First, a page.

Why are violin strings so expensive!?

The technology and precision machining that goes into string manufacture for string instruments is vast and expensive to start with – think of 007’s science lab. The materials that they are made from are also costly, not only because the metals and materials must be of finest quality but also because of the complicated manufacture processes needed to make reliable and excellent sounding music, once tuned up on any violin.

Today’s musician has become accustomed to strings that MUST deliver it ALL in one bow stroke … they DEMAND colour, vibrancy, power, timbre, fast responsiveness, crisp notes wrapped in full bodied tonality, all at ONCE:)

That is quite a chunk to have to chew on when designing, developing and investigating materials that need to line up for a whole-in-one. This takes years to achieve for each and every string brand’s ranges, each with different gauges (tensions) for uniquely different instruments. [See Regulated Irregularities]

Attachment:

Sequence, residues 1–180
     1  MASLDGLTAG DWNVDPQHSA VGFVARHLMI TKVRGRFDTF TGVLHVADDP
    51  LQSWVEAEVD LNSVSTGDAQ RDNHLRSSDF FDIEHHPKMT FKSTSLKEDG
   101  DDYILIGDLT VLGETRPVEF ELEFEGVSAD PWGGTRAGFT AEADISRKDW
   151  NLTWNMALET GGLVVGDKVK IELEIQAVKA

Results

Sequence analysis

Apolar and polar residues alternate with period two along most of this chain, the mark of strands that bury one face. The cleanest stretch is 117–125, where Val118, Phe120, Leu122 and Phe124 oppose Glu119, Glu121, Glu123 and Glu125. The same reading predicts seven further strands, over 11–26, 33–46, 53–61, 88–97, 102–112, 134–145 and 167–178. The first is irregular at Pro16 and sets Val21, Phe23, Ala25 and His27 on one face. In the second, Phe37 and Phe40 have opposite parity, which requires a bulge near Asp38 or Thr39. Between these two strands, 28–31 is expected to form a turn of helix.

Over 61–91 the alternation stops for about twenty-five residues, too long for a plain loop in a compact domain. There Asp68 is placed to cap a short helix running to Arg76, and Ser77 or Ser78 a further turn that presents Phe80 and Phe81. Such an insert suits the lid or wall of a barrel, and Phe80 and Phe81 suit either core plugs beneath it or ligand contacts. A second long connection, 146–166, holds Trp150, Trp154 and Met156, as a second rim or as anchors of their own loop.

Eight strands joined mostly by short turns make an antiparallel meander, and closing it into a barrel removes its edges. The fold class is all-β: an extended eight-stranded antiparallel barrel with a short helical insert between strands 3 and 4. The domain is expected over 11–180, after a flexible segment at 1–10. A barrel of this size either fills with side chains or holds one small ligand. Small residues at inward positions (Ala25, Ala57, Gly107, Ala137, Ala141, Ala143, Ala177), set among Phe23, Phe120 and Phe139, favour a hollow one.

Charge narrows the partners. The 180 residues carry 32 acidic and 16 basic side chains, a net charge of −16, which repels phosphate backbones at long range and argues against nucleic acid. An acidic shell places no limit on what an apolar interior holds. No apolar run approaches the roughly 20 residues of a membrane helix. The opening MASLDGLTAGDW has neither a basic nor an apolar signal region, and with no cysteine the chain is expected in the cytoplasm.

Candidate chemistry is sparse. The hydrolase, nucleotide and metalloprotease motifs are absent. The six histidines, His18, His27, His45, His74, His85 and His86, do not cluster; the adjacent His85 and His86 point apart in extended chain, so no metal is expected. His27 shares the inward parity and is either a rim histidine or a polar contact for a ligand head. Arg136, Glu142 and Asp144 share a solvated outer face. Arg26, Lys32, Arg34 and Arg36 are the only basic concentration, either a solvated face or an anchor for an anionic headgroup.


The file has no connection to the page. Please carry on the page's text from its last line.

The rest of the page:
Lastly, for us to make it available when you need it means – Importing, taxes and plenty of time to stock a single brand with an entire range (or at least most of it) for you to choose from is … costly.

Svencino pledges to mitigate these costs as far as we can, ensuring that you can have them for as little as possible – and sent directly to your door or *[classroom].

*Teachers (and schools) who are signed up with our [String Explorer] can order strings that we will bring along to your class where we give a Q&A session about stings, fitting them on, how to look after them and Voicing (regulating the sound post to improve on sound).

When strings were made with Gut they all had a knot tied with a loop at the bottom. This was used to loop the string through at the tailpiece or secured in the ‘key hole’ in the tailpiece.

With the addition of fine tuners and different designs of tailpieces and fine tuners, and of course the strings themselves, it became necessary to create different user options. This, for a long time meant that you could choose between a ball end that holds the string in place (in the tailpiece or fine tuner fork) or a loop that is held by a fine tuner hook.

For versatility some string makers make strings that have a ball on the E string which can be removed if your string requires a loop to hook onto the fine tuner. Of course this is only possible to do with a steel string.

Natural gut and other synthetic strings are not possible to do this with because of the material nature which determines how it is attached to the ball on the end.